Almost half a million gallons of crude oil have been spilt in a Texas port where a tanker gouged itself on two barges says the U.S. Coast Guard.
Almost half a million gallons of crude oil have been spilt in a Texas port where a tanker gouged itself on two barges says the U.S. Coast Guard. "No injuries were reported, but a 50-block area around the port was evacuated out of caution, as the tanker was carrying a type of oil containing sulfide. The portion of the port where the collision occurred will remain closed until it is deemed safe for workers and other vessels to return, Petty Officer Richard Brahm said. The Coast Guard has deployed 4,000 feet of boom, which helps corral the oil, with 10,000 more feet available for cleanup. Also on the scene are oil skimmers, three boom vessels, four 25-foot Coast Guard boats, the Coast Guard cutter Manowar and authorities from the local police and fire departments. The spill is in a "very still" area of the waterway, which is helping contain it, Brahm said. ‘There is almost no water flow in the area, so the oil isn't spreading out,’ he said. The port is primarily for industrial use, but Coast Guard Capt. John J. Plunkett said there are environmental concerns to marsh areas both up- and downstream of the spill. He said the spill hadn't reached those areas. The Coast Guard did not indicate how long cleanup will take. The investigation into the cause of the collision is ongoing."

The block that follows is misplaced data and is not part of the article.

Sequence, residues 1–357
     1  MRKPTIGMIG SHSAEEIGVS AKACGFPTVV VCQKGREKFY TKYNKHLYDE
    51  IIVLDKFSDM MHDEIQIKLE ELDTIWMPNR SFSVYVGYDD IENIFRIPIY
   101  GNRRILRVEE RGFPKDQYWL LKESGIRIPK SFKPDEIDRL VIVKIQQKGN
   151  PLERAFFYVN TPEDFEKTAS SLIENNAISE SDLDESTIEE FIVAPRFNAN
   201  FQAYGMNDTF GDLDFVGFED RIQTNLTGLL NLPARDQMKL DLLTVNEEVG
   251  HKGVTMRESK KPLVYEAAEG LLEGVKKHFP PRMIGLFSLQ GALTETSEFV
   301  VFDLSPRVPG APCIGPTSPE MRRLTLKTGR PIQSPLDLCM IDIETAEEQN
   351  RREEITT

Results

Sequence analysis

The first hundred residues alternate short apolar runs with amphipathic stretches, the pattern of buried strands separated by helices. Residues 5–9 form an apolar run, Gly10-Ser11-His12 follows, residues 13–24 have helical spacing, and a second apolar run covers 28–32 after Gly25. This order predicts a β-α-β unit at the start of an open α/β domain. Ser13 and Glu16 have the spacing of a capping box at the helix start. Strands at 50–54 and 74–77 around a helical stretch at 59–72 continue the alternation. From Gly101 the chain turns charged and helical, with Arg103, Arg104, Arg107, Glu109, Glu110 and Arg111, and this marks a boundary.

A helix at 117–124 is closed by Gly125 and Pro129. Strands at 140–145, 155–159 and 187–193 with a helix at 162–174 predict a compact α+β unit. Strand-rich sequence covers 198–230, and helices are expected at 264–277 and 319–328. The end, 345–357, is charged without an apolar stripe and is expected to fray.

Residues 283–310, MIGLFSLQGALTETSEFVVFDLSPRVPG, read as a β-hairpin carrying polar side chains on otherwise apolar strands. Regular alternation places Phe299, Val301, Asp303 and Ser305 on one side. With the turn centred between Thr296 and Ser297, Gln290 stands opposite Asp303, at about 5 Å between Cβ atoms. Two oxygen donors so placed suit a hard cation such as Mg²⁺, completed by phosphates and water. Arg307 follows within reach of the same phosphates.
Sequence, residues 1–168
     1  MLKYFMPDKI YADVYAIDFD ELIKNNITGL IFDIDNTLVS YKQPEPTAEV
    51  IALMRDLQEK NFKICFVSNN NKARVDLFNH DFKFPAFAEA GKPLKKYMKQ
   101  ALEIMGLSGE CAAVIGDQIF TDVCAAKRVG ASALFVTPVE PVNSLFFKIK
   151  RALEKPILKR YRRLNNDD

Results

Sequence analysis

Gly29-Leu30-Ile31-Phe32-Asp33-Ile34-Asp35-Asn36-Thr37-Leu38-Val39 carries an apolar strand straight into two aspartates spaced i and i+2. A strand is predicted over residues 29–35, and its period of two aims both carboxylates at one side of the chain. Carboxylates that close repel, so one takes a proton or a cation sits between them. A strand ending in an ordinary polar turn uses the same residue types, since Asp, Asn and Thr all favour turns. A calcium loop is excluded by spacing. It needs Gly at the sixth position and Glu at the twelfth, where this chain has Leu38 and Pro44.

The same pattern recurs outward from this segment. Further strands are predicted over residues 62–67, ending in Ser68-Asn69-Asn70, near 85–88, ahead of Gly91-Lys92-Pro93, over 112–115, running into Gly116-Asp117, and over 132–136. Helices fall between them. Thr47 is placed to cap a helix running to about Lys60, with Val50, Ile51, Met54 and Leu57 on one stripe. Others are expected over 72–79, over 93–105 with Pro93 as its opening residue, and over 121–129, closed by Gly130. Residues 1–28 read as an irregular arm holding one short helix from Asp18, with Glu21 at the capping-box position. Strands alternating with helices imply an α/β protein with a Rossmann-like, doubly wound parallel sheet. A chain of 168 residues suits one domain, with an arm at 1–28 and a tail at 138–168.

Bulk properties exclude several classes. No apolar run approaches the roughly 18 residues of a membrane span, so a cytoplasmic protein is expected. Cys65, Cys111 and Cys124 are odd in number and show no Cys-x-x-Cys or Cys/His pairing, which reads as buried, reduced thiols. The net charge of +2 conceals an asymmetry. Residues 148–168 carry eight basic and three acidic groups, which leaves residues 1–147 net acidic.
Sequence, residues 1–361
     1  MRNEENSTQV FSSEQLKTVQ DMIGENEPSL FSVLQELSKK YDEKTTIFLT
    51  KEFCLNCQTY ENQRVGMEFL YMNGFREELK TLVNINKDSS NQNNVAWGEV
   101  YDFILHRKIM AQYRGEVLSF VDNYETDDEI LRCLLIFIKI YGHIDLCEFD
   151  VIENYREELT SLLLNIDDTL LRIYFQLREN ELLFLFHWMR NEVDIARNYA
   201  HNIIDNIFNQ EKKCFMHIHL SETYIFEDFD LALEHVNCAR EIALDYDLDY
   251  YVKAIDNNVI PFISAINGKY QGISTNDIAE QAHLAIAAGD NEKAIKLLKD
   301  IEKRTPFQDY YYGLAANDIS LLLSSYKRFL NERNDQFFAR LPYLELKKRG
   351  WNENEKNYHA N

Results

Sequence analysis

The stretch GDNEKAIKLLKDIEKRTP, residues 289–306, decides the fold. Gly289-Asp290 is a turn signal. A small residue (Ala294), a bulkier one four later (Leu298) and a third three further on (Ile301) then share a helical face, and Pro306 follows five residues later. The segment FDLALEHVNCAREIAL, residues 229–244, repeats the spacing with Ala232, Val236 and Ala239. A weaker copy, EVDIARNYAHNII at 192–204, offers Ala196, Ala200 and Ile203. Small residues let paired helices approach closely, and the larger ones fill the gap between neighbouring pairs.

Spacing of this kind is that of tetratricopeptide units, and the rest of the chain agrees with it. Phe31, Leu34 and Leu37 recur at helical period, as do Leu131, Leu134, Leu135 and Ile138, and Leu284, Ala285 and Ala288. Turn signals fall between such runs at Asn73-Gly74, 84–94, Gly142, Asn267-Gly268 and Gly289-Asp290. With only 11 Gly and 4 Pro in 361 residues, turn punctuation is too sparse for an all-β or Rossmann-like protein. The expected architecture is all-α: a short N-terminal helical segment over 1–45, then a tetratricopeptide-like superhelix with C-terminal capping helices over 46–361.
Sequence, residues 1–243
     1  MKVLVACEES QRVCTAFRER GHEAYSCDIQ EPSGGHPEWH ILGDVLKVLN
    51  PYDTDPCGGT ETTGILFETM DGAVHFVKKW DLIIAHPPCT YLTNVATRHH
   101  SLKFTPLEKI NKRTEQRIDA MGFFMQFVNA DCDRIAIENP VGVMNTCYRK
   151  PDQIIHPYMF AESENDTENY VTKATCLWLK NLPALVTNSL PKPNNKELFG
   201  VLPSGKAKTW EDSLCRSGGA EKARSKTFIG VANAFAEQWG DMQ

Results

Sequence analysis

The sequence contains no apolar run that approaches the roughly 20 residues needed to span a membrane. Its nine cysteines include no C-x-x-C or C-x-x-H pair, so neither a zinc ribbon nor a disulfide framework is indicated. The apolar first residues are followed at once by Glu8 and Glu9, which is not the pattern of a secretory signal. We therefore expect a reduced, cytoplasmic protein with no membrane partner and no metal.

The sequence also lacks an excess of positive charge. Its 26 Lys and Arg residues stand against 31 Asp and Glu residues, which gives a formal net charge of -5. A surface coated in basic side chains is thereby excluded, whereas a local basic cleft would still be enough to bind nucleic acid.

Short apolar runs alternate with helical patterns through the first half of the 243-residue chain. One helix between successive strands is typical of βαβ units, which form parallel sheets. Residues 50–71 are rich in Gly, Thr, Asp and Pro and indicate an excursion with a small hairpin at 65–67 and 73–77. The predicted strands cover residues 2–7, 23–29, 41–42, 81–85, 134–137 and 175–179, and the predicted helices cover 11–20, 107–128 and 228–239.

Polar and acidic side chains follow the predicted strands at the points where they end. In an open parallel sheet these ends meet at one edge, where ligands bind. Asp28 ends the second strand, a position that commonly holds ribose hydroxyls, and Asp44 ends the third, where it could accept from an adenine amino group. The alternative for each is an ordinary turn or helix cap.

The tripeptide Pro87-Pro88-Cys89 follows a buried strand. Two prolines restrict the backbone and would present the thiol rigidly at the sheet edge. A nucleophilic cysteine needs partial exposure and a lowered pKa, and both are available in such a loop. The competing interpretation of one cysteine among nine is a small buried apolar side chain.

These five main food groups are important for your brain's health and likely to boost the production of feel-good chemicals.
We all know eating “healthy” food is good for our physical health and can decrease our risk of developing diabetes, cancer, obesity and heart disease. What is not as well known is that eating healthy food is also good for our mental health and can decrease our risk of depression and anxiety.
Infographics show the classes and anxieties in the supposedly classless U.S. economy.
For those of us who follow politics, we’re used to commentators referring to the President’s low approval rating as a surprise given the U.S.'s “booming” economy. This seeming disconnect, however, should really prompt us to reconsider the measurements by which we assess the health of an economy. With a robust U.S. stock market and GDP and low unemployment figures, it’s easy to see why some think all is well. But looking at real U.S. wages, which have remained stagnant—and have, thus, in effect gone down given rising costs from inflation—a very different picture emerges. For the 1%, the economy is booming. For the rest of us, it’s hard to even know where we stand. A recent study by Porch (a home-improvement company) of blue-collar vs. white-collar workers shows how traditional categories are becoming less distinct—the study references "new-collar" workers, who require technical certifications but not college degrees. And a set of recent infographics from CreditLoan capturing the thoughts of America’s middle class as defined by the Pew Research Center shows how confused we are.
SMARTER FASTER trademarks owned by The Big Think, Inc. All rights reserved.